Create a SQL Server Compact Edition Database Using SQL Server 2005 Management Studio

Yesterday I showed you how to create a SQL Server Compact Edition database, using Visual Studio. Today I’ll show you how to create the same database using SQL Server 2005 Management Studio.

When you launch SQL Server Management Studio, you are shown the normal “Connect to Server” dialog. First, you need to change the Server Type to “SQL Server Compact Edition”. Now in the Database File area, click on the drop down and pick “<New Database…>”.

[Picture of SSMS 01]

After picking the new database option, you should see a familiar looking dialog. Enter the name for your database, or browse for it. Like I said yesterday, I always encrypt and use a password, if you want to as well check Encrypt on and enter a password. Remember if you do choose to encrypt, you must enter a password.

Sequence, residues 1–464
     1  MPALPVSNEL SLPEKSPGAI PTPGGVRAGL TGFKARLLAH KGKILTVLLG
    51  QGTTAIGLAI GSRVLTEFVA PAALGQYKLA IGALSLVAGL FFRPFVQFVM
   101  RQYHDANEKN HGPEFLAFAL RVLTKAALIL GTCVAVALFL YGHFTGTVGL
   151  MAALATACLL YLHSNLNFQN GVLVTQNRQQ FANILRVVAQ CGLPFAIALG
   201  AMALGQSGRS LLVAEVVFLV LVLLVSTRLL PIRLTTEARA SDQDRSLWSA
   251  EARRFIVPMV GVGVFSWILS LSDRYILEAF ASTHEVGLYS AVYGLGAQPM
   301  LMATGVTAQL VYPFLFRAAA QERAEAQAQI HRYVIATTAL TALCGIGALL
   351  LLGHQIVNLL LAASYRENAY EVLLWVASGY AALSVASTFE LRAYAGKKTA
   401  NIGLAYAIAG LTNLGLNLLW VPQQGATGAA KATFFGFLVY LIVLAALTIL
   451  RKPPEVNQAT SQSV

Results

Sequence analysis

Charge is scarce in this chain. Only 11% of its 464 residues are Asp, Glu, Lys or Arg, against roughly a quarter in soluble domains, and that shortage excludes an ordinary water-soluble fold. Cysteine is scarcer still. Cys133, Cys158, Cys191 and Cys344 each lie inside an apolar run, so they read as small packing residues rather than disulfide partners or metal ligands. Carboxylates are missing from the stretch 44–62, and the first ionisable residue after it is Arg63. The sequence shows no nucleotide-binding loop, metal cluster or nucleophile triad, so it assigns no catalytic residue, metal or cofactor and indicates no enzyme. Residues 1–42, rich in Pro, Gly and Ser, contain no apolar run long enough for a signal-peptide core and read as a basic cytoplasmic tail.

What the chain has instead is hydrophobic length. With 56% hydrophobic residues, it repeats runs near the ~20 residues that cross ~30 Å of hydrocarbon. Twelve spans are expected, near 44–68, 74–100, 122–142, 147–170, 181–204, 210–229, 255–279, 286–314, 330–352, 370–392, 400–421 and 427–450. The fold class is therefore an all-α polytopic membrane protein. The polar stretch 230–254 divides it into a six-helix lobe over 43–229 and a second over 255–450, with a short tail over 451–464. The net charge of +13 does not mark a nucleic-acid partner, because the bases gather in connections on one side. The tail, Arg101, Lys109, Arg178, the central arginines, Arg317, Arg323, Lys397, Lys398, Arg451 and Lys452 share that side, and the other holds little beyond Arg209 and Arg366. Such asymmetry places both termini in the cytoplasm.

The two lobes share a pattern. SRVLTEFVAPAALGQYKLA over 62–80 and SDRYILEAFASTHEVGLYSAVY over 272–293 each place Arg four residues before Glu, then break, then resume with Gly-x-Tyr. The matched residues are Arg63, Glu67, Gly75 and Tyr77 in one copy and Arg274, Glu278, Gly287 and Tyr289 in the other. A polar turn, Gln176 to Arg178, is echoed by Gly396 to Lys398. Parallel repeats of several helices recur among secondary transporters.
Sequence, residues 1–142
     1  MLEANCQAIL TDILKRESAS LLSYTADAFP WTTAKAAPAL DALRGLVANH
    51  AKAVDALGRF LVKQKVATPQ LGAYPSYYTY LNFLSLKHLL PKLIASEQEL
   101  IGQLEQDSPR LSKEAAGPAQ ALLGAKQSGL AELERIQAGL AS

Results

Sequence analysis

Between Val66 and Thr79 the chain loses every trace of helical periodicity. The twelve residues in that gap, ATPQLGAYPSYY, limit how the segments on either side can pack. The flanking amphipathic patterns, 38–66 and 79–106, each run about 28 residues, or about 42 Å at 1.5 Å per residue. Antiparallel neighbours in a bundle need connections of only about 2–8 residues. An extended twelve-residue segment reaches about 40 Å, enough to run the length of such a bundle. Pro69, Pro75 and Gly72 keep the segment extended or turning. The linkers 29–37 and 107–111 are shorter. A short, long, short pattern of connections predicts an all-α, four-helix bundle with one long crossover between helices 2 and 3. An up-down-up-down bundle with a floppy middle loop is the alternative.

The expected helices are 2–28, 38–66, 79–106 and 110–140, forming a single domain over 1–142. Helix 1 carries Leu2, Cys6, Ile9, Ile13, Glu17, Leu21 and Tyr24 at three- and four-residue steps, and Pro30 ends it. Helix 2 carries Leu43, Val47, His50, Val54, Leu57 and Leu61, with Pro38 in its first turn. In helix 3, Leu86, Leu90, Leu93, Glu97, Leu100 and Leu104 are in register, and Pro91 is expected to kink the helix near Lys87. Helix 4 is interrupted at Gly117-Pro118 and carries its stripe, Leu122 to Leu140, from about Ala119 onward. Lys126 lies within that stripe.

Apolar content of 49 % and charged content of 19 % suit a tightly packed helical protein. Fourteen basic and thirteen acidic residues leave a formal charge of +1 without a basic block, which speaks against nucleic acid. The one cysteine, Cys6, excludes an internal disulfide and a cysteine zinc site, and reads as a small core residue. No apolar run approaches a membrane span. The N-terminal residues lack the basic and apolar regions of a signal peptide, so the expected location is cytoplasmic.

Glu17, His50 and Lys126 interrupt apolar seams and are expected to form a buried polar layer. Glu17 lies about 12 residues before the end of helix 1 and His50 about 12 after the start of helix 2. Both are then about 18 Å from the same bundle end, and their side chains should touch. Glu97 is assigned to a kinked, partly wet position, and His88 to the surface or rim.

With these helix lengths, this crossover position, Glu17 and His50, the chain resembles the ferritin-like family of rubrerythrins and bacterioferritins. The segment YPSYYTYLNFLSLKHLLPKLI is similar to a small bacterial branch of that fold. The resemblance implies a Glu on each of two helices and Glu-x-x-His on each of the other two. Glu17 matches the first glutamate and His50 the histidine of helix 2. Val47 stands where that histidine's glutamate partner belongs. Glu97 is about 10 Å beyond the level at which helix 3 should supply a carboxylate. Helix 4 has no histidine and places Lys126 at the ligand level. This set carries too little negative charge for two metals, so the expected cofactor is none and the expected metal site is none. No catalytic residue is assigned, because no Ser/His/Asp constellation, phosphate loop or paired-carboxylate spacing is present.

[Picture of SSMS 02]

Like yesterday, if you use a weak password you are warned. Either click no and enter a stronger password or click Yes to continue.

[Picture of SSMS 03]

Now your database has been created, and you are brought back to the original “Connect to Server” dialog you saw. SQL Server Management Studio has helpfully filled in the Database File name for you as well as the password. I clicked “Remember Password” on then clicked the Connect button.

[Picture of SSMS 04]

You are now brought to the standard SQL Server Management Studio interface.

[Picture of SSMS 05]

From here on, you’ll find things work almost identically to Visual Studio. If you right click on the Tables, you’ll see the same menu. If you pick “New Table” you will see the same dialog as yesterday. Rather than repeating myself, I’ll suggest you take a look at yesterday’s blog entry for more details on creating tables and adding rows.

I can hear the questions now: Why would you use SQL Server Management Studio over Visual Studio to create and manage your SSCE database?

It really comes down to a matter of your viewpoint. If you are a long time developer, you will be more comfortable with Visual Studio and thus want to use it to handle your SSCE database. On the other hand, if you are a DBA and have been assigned the task of managing the SSCE databases, you will be more familiar with management studio and thus want to use it as your tool of choice.

So there you go, yet another way to create a SQL Server Compact Edition database. Which tool you use is up to you!